Thursday, May 6, 2010

No need for realism. (現実性は必要なし。)

Again, for those of you who are interested: I am done with the academic portion of my undergraduate career. All that's left is to graduate.

... I assume it will sink in eventually.

In the meantime, it appears I've found a go-to niche for when my creative juices run dry:

Drama review.

What, you had something better in mind? Well, it's not your blog, is it.

Today, we'll be discussing

必殺仕事人 (Hissatsu Shigotonin, or "Certain Kill Worker")

(...forgive me for that translation, apparently my brain is a little dead at the moment.)

According to Drama Wiki this time:

This show marks the return of the jidaigeki series "Hissatsu Shigotonin," which has had several seasons between the 1970s and the 1990s. The franchise came back in 2007 with a one-shot special, but this is its first full season since 1992. Makoto Fujita returns as the protagonist Nakamura Mondo, one of the "shigotonin," a team of hired assassins.

Admittedly, they apparently took it from Tokyograph but... let's not get our panties in a knot over proper citation in a blog here.

Basically, this show is about Tokugawa (or Edo, hur) era assassins, and how they go about their daily lives. It's highly episodic, and there really isn't any over-arching plot (other than some character development), but it's a good series despite that. Admittedly, I sometimes prefer the episodic formula; makes for easier watching.

Every episode focuses around the misdoings of one particular group of people (thugs, brothel owners, creepers, what have you), and also around what the assassin group (who are your average samurai, old samurai, weird artist, strangely Johnny's-boy-looking merchant, and awesome middle-aged woman) happens to be doing at the time. Usually, they're just dealing with their own issues, but sometimes, they happen to get involved with the hubub, and thus take more than a casual interest when they are hired to off the group.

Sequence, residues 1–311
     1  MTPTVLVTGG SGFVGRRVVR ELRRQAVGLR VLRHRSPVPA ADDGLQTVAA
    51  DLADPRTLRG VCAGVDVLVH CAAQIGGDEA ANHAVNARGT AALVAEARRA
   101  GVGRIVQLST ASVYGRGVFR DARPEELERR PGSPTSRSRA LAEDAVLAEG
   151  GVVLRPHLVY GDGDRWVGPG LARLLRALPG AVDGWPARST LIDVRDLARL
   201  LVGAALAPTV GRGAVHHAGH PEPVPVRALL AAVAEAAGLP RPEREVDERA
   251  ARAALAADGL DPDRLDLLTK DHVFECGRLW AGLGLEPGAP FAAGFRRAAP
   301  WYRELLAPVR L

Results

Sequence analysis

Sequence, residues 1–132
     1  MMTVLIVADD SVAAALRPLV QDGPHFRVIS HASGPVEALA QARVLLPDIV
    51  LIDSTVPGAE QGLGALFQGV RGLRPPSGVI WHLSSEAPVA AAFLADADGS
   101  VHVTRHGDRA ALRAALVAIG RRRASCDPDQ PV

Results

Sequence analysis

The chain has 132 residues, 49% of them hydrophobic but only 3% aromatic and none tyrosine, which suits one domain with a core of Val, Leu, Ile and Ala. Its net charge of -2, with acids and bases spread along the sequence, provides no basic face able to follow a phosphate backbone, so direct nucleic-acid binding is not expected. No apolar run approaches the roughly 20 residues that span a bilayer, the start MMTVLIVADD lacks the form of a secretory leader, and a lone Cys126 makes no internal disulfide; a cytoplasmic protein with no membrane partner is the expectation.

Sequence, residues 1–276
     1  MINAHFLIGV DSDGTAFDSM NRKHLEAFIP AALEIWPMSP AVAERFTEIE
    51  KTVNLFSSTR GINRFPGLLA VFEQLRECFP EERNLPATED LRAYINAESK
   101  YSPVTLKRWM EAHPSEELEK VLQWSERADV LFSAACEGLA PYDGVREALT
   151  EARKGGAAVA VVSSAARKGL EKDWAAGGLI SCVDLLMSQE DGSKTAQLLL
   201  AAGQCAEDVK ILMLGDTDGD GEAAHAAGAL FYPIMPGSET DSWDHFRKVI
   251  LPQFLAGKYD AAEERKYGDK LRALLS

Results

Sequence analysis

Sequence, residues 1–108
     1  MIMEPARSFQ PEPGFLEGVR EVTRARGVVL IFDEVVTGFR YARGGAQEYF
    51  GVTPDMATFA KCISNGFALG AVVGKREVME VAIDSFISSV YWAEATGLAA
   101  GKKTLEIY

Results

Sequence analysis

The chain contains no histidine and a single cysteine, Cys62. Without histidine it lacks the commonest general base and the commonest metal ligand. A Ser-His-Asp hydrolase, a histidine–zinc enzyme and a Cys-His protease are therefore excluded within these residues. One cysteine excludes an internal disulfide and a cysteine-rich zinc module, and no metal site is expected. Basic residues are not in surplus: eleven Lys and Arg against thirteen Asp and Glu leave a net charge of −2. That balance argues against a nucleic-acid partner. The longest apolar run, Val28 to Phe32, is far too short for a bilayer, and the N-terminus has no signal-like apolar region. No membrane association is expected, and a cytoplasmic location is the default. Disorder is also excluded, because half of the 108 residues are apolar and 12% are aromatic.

As it is, of course, set in the past, everyone speaks in some sort of psuedo-古典 (classical) Japanese, so it's a bit difficult to understand... I say psuedo, because if it were legitimate 古典, I would probably have a much easier time with it. Huzza for Japanese major requirements. Admittedly, what they spoke in Tokugawa Japan is not what I study in Classical, but... meh. It's difficult to say what they spoke, really, and so no one really knows. I suppose their guess is as good as any, but I remain dubious.

And what about the title, you may ask. What's so unrealistic about killing people in Tokugawa Japan?

Oh, only everything.

Admittedly, the samurai guys are ok; hack and slash, I believe, though there is a significant lack of ANY blood. EVER.


Johnny's boy? Kills with some sort of bamboo-string-snake-whip. I kid you not. He holds it upright, and somehow it leaps from its case and chokes his target to death a good five, eight feet away, just because he's doing a few jerky motions that don't really seem to be accomplishing anything, physics-wise.

Pardon me while I protest.

Crazy artist man is a bit more realistic; he stabs his targets with a long, thick needle through the shoulder, and pierces their hearts. That, I could buy.

But he has to change clothes before he does it.

Into some sort of deranged, gay superhero outfit.

And it is never explained why.


But really, though I complain, the craziness is most of why I love this series. Not to mention my adoration for the Tokugawa period in general. It's a win-win all around, even if sometimes I don't quite know what's going on.

Definitely recommended, though if your Japanese level is much below mine (aka conversationally quite advanced), I'd look for some subtitles. Even I don't get a lot of it, I just have a smattering of pride to deal with.

This is Edo, signing off free and clear... except for job searching.


Anonymous said...

trust me, you won't have an easier time understanding it in classical japanese
the drama's produced for the everyday japanese viewer. they can gauge the general meaning from this pseudo-classical dialogue just as they would be able to from listening to kansai-dialect.
reading in classical (or any language for that matter) is one thing but actually hearing it in real-time and processing it's a entirely different story. there's still a long ways to go my friend

even though it's not available in pure classical(understandably since even those trained in classical japanese would need to rewind to keep up with the dialogue), good luck watching it in classical japanese, if you so insist -

Edo said...

Well, my Anonymous "friend," what would you suggest I watch to test this theory out? Unfortunately, I cannot think of a single series which employs purely Classical dialogue. As you said, 必殺仕事人 is not available in Classical--which, as I mentioned, makes perfect sense, as writing and speaking languages likely became very disparate in that period--so I'm curious as to why you suggested I watch it in such a mannner.

If you know of any nice, Classical dramas, please, feel free to share.